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Illinois trade company: Consumers will pay more for Biden’s tariffs on Chinese goods

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(The Center Square) – An industry expert says, in the end, consumers will pay more as a result of Chinese tariffs put in place by the Biden administration.

The administration recently announced a variety of new tariffs on Chinese imports such as steel and aluminum, semiconductors, batteries and medical equipment. U.S. Treasury Secretary Janet Yellen told a news briefing that President Joe Biden’s new tariffs are aimed at protecting American-made electric vehicles, solar energy products and semiconductors from so-called excess Chinese capacity.

China immediately vowed retaliation. Its commerce ministry said Beijing was opposed to the tariff hikes and would take measures to defend its interests.

“Even though the administration said the tariffs are for China, in the end these 25% tariffs are being paid by the importers who import the products and the cost is just passed down to the consumers,” said Robert Um, National Operations Performance manager with Customs Brokerage at OEC Group in Chicago.

Other products have risen in price because of tariffs. In a letter sent to Biden in May, major shoe brands, including Nike and Adidas, urged the Biden administration to lift the tariff’s put in place by then President Donald Trump.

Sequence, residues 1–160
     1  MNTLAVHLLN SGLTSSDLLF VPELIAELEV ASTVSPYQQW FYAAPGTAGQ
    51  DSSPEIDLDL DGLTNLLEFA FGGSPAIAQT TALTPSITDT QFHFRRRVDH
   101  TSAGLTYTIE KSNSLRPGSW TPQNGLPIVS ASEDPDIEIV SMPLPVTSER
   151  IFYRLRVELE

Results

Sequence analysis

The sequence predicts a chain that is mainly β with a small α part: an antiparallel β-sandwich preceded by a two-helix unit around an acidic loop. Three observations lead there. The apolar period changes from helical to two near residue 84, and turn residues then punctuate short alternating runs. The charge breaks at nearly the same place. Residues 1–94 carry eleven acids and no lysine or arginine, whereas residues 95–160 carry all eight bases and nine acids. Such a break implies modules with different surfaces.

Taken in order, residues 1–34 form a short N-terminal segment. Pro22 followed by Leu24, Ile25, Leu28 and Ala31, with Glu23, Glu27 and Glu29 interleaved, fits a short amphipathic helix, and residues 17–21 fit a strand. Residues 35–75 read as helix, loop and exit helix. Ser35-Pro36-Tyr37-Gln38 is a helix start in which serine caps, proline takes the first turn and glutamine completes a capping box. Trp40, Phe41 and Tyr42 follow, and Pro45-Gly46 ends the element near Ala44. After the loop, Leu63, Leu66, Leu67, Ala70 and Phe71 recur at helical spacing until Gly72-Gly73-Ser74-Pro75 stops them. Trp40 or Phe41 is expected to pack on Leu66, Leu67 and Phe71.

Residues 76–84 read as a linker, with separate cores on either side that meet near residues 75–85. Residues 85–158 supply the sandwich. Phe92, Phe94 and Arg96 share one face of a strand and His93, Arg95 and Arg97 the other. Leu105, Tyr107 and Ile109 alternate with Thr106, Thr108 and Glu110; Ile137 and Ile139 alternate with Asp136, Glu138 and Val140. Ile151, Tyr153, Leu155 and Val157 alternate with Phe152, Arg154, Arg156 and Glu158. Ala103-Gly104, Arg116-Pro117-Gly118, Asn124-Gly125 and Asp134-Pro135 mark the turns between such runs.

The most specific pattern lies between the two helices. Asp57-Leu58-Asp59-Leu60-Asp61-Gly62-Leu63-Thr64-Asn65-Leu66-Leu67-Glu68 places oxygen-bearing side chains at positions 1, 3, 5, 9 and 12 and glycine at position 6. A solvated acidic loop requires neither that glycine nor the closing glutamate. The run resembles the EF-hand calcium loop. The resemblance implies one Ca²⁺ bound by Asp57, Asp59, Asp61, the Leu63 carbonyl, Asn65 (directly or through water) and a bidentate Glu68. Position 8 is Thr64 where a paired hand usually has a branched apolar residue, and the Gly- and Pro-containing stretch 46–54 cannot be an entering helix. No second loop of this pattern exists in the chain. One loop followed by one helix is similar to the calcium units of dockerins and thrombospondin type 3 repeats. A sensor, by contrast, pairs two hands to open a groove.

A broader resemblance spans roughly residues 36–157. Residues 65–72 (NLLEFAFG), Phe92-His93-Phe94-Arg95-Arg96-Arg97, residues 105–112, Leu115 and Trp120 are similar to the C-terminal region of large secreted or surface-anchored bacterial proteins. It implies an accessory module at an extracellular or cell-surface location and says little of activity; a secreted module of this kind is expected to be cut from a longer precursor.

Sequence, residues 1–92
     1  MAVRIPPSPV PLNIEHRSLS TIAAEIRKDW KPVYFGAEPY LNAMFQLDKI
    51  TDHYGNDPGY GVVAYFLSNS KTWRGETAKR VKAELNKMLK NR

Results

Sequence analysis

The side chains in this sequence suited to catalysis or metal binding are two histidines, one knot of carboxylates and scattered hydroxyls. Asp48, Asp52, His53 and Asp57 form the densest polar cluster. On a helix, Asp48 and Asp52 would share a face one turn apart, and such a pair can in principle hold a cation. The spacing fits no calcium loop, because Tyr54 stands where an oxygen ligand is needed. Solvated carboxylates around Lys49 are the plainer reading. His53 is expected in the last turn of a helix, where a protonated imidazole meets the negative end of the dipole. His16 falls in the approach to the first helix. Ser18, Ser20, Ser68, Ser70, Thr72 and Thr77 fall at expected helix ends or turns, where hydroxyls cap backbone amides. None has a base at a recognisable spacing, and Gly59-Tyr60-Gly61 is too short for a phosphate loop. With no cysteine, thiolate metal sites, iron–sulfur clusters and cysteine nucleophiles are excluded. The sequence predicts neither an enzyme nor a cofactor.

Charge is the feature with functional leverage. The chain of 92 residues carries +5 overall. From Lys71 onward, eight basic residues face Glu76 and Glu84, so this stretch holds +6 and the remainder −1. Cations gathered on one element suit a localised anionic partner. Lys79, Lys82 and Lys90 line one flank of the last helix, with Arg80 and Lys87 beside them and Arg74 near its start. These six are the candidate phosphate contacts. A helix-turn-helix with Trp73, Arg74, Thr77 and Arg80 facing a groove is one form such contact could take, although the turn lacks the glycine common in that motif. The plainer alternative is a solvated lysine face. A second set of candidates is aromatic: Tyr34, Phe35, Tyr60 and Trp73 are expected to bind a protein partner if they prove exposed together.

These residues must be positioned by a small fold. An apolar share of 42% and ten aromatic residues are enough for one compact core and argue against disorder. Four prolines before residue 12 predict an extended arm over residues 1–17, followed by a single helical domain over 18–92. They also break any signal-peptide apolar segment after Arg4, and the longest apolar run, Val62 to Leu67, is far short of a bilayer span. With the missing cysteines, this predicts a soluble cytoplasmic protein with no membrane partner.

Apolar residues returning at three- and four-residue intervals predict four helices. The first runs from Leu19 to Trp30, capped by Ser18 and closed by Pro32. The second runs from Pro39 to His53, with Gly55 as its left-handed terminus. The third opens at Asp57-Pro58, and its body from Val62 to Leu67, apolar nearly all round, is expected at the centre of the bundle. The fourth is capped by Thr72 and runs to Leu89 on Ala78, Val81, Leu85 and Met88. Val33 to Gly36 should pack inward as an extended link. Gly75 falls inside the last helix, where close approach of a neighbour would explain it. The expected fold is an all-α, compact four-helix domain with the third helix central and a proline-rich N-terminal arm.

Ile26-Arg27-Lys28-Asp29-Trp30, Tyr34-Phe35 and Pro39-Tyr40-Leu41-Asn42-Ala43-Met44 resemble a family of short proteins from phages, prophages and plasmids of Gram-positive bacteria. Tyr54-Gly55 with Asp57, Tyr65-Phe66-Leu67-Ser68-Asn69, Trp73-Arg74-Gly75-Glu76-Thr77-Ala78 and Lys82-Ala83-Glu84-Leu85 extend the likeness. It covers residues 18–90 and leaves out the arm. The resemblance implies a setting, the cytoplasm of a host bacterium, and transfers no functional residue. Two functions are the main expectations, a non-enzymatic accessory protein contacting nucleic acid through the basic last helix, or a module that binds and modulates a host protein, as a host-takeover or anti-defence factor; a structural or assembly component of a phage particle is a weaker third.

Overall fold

Critics have said the EV-related tariffs could slow Biden’s green energy agenda. The Environmental Protection Agency issued tailpipe pollution standards in April designed to drive the share of electric vehicles up from 8% last year to as much as 56% by 2032. Without access to lower-cost batteries and other materials made in China, EVs will be too expensive for mainstream U.S. consumers, automakers have said.

“This policy will increase costs for consumers, dramatically strain the U.S. electric grid, contribute to more traffic and congestion on roads, undermine our energy independence, and impact every sector of the U.S. economy,” said Rich Moskowitz, general counsel for American Fuel and Petrochemical Manufacturers.

The Illinois Corn Growers Association has joined a coalition of agricultural and oil industry representatives to sue the EPA for what they said is its inequitable and costly electrification of America’s vehicle fleet.

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